The commander said the state might need to build more prisons, if the traffic offences attracting three-year imprisonment were to be implemented.Analysing the bill and its overall impact, a university don, Prof. Iyiola Oni, who commended the efforts to consolidate all transport laws in the state, said the greatest problem in the transport sector is disorderliness.
Oni, who is the Dean, Faculty of Social Sciences, University of Lagos, said the obligations among transport agencies should be well-clarified, and that the state is in need of an integrated and intermodal transport system.“What is the level of training of the enforcers, he queried. “We have to be careful and tread softly, taking congnisance of the economic realities with regards to the fines.”
The don, who called for a comprehensive database, said road transportation has been emphasised more than other means of transport in the country.He, therefore, called for an established role of local government traffic management unit, with each council organising and managing the roads in their domains.He urged the Assembly to look into blockages of inner roads by landlords, religious organisations, as well as cutting of roads by communication industries and others.
Also speaking on the issue, Head of Department, Urban and Regional Planning, Lagos State Polytechnic (LASPOTECH), Mr. Peter Fosudo, called for categorisations of roads that commercial motorcycles and tricycles operators should ply in the bill.Fosudo advocated restriction of motorcycles and tricycles from highways, instead of outright ban and heavy fines.
On his part, a solicitor for National Union of Road Transport Workers (NURTW), Mr. Biodun Mike Hundeyin, said outright ban on commercial motorcycles and tricycles would be counterproductive to the state’s economic activities.The solicitor, who called for specific roles for NURTW in the new proposed law, said such development would compound the state’s unemployment problem.He said the major mode of transport in Badagry, for instance, is motorcycles, as the roads are in deplorable state.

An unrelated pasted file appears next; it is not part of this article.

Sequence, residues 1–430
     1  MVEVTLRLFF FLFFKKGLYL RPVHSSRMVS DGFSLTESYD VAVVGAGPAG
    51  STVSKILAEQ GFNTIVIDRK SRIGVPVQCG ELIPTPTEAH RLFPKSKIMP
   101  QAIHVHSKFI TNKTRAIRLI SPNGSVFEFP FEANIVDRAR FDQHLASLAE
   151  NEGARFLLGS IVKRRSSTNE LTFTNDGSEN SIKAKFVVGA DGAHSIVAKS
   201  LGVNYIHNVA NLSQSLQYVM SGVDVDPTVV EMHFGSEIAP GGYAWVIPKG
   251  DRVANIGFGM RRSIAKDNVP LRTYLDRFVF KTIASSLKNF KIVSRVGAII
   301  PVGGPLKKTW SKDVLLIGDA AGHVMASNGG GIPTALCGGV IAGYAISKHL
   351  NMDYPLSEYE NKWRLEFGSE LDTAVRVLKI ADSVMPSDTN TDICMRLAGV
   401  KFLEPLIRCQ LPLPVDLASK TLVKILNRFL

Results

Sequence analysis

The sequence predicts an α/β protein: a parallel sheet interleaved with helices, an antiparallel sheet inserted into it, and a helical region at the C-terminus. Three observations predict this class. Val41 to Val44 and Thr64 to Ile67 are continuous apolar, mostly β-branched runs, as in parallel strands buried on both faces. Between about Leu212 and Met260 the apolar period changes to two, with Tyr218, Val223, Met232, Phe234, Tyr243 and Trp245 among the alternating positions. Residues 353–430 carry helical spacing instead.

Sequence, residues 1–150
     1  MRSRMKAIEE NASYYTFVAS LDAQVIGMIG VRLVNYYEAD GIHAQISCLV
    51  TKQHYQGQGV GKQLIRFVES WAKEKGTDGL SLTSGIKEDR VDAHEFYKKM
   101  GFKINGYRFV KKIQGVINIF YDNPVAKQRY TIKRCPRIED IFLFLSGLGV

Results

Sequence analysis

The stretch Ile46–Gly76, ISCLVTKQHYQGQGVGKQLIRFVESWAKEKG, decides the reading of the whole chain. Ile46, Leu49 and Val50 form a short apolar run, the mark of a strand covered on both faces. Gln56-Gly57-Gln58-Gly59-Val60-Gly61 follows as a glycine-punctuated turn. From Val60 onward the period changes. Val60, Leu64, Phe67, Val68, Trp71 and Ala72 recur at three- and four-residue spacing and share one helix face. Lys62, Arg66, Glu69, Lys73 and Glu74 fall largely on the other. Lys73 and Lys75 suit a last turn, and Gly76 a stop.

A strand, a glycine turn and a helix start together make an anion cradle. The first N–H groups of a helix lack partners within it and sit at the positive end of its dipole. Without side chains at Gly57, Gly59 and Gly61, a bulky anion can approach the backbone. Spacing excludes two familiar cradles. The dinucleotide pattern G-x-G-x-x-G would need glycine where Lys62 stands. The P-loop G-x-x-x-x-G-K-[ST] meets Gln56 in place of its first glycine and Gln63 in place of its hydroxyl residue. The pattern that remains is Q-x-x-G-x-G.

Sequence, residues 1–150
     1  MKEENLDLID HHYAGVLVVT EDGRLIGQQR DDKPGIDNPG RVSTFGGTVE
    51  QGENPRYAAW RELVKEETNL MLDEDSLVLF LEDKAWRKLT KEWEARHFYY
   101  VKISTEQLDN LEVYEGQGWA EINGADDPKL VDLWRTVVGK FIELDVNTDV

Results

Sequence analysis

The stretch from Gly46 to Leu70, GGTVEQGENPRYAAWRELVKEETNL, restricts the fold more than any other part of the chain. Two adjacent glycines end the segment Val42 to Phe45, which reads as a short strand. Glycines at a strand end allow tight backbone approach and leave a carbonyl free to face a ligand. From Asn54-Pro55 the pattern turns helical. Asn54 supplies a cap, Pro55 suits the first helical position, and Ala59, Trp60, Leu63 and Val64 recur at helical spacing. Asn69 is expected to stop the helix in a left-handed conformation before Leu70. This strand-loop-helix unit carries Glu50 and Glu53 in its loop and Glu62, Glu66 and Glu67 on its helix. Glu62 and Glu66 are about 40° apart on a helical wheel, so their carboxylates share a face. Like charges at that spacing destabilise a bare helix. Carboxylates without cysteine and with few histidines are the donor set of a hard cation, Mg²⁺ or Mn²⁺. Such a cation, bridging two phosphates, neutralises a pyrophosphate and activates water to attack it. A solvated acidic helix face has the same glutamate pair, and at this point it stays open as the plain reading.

Prince Joseph Odusanya, Lagos chairman of Tricycle Owners Association of Nigeria, who frowned at outright ban of tricycles, urged government to be more considerate in its proposed step.He said: “If okada is being banned, tricycles should be an alternative means of transportation. Let’s consider the hardship this might bring to the people and the state’s economy.”To the secretary, Taxi Drivers and Cab Operators Association, Mr. Taiwo Olalekan, “the section requiring use of brand new vehicles or those that are not older than five years as taxi should be reconsidered.”He advised that it should rather be extended to 10 years because of the economic implication.
Representing Road Transport Employers Association of Nigeria (RTEAN), Mr. Albert Omotayo said the offences should be reduced, as they were unrealistic.The Permanent Secretary, Ministry of Transport, Dr. Taiwo Salaam, said it is high time the state improved on its transport system, as this would enhance security and commuters’ safety.
“Security is at stake, if we don’t modernise our transport system,” he explained. “It is an aberration for a state like Lagos to support the use of okada as a means of transportation. Many of the operators unleash terror on the people. Even if they are going to be allowed in the estates, there is need for proper documentation.”In a reaction to the stakeholders’ comments, Agunbiade urged compliance with the rules and regulations to make the state attain the smart megacity status.He also tasked the Ministry of Transportation to monitor activities of some landlords, who go the extra mile by locking their estates’ gates before approved time.“We recognise the need for security, but so many streets now lock their gates during the day. People do it indiscriminately and with impunity,” he said.